At the start of the 2023, Adobe released their Future Workforce Study which outlines the transition of Gen Z into the workforce. As this and other studies mention, Generation Z will account for 30 percent of the US workforce by 2030 and the job market they are about to enter is quite different from past generations. A closer look at Gen Z offers some insight into the future of the workforce and what companies can do to attract top talent.
Job Market Confidence
As many Generation Z graduates prepare to enter the workforce, they have shown confidence in the job market. Despite the constant fear of a recession, over 60 percent of survey respondents said they feel prepared to enter the labor market. While 70% of upcoming and recent grads said that they are worried about the possibility of a recession, 78% said they also feel optimistic about the current labor market. Those that completed an internship in their field (75%) felt more prepared than those who did not (53%). We can attribute this confidence to the experience obtained and whereas those without internship experience may not know what to expect.
Survey respondents noted that macroeconomic factors will play a role in their choice of industries or companies to pursue. Over half suggested a company’s financial outlook would influence their decision to apply or enter the interview process. Respondents also took brand reputation (92%), employee reviews and industry awards (89%) into consideration.
What They are Looking For
Wages play a significant role in the decision to apply for a position, however, studies show that Gen Z is driven by more than high pay. 85 percent say they are less likely to apply for a job if the company does not disclose the salary range in the job posting. The concern about compensation is not unwarranted. Deloitte’s 2023 Gen Z and Millennial Survey, notes that 35% of Gen Z selected cost of living as a top concern, 51% live paycheck to paycheck, and 46% have taken on a second job. High inflation and rising cost of living informs the decisions of Gen Z workers entering the job market.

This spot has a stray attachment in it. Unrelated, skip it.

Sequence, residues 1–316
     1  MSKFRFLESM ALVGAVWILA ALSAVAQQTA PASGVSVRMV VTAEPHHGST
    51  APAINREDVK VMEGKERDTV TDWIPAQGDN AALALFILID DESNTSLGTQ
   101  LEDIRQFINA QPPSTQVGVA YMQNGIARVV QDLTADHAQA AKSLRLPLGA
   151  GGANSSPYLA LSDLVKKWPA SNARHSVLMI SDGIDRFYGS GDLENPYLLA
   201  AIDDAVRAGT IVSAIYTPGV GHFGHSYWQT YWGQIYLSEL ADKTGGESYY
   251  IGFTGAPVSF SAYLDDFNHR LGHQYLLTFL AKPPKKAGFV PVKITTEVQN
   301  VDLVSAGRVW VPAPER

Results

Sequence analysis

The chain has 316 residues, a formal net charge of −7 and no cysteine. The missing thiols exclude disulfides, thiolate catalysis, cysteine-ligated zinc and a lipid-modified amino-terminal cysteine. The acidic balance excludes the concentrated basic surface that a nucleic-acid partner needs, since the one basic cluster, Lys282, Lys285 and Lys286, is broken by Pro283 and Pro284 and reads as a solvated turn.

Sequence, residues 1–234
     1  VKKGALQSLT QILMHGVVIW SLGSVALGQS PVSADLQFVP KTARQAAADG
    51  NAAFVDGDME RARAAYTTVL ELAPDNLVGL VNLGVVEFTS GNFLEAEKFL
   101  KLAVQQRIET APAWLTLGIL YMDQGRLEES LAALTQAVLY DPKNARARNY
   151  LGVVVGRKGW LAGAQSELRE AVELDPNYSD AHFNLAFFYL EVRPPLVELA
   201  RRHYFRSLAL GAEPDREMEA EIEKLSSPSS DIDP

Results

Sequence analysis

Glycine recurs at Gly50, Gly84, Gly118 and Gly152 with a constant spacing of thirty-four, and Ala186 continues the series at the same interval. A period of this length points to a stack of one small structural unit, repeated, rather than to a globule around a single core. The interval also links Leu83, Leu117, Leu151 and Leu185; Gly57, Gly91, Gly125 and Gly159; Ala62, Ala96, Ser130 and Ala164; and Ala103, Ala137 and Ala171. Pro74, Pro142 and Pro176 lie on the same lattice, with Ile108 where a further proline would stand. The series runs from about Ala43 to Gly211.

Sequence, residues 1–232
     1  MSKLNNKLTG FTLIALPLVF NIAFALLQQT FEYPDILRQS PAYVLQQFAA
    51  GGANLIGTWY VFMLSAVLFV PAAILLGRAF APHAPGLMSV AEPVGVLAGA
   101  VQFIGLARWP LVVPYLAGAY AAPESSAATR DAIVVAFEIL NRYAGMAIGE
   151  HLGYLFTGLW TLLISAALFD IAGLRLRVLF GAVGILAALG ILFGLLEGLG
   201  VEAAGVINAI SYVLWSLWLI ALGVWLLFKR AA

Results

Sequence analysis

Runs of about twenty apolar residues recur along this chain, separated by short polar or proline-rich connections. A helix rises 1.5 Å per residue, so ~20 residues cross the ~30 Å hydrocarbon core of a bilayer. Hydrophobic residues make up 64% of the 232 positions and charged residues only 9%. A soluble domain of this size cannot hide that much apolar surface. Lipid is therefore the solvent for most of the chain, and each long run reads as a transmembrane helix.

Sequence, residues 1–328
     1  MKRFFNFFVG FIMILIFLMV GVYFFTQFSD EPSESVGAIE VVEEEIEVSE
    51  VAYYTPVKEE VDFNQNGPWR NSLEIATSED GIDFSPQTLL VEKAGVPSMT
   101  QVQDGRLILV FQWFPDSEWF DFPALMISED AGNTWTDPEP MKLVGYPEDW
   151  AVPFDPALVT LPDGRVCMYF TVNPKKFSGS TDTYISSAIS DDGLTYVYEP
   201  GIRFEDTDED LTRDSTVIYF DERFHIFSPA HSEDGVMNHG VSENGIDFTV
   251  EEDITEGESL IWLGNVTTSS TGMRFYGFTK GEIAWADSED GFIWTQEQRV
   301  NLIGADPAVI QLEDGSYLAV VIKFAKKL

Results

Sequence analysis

Flexibility is a desire of Gen Z. While commonly considered to be resistant to return-to-office policies, many are open to a return. A survey by Joblist found that only 27% of Gen Zers prefer a fully remote job. The study added that 57% of Gen Z workers were seeking in-person opportunities. That said, 77% of Gen Zers currently in remote or hybrid roles would look for a new job if asked to return full time, according to a Deloitte poll. This suggests that while Gen Z workers are not opposed to in-person roles, the majority prefer the flexibility to choose.
DEI initiatives also influence Gen Z workers decision to apply or enter the interview process. As a socially conscious generation, Gen Zers have high standards and expectations for organizations and their role in bringing about social change. Companies will need to offer more than lip service to issues of diversity and inclusion to attract talent.
How Companies Can Benefit
Companies can benefit from this generation’s knowledge of new technologies. As technology natives, Gen Zers are well-equipped to traverse new technologies. These technologies have also exposed Gen Z workers to global perspectives which leads them to question systems that serve the few over the many. This way of thinking will usher in a new wave of diversity and inclusion. Companies and organizations that embrace a diversity of viewpoints and lived experiences will be well-positioned to attract top talent.